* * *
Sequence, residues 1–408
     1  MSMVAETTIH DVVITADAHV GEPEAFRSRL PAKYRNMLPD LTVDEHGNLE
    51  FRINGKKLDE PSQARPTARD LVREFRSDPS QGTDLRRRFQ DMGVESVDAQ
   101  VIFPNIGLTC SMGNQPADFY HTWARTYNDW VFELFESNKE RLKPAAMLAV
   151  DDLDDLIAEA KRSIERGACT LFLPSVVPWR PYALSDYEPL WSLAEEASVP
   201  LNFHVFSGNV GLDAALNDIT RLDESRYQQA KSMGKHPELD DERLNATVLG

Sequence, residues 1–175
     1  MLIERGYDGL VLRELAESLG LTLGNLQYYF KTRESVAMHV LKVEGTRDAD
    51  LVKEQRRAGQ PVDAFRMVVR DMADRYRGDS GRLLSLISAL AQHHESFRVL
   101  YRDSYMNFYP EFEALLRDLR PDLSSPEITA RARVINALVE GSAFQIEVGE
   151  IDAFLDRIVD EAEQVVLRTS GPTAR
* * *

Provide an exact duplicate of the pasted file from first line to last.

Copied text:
Sequence, residues 1–408
     1  MSMVAETTIH DVVITADAHV GEPEAFRSRL PAKYRNMLPD LTVDEHGNLE
    51  FRINGKKLDE PSQARPTARD LVREFRSDPS QGTDLRRRFQ DMGVESVDAQ
   101  VIFPNIGLTC SMGNQPADFY HTWARTYNDW VFELFESNKE RLKPAAMLAV
   151  DDLDDLIAEA KRSIERGACT LFLPSVVPWR PYALSDYEPL WSLAEEASVP
   201  LNFHVFSGNV GLDAALNDIT RLDESRYQQA KSMGKHPELD DERLNATVLG

Sequence, residues 1–175
     1  MLIERGYDGL VLRELAESLG LTLGNLQYYF KTRESVAMHV LKVEGTRDAD
    51  LVKEQRRAGQ PVDAFRMVVR DMADRYRGDS GRLLSLISAL AQHHESFRVL
   101  YRDSYMNFYP EFEALLRDLR PDLSSPEITA RARVINALVE GSAFQIEVGE
   151  IDAFLDRIVD EAEQVVLRTS GPTAR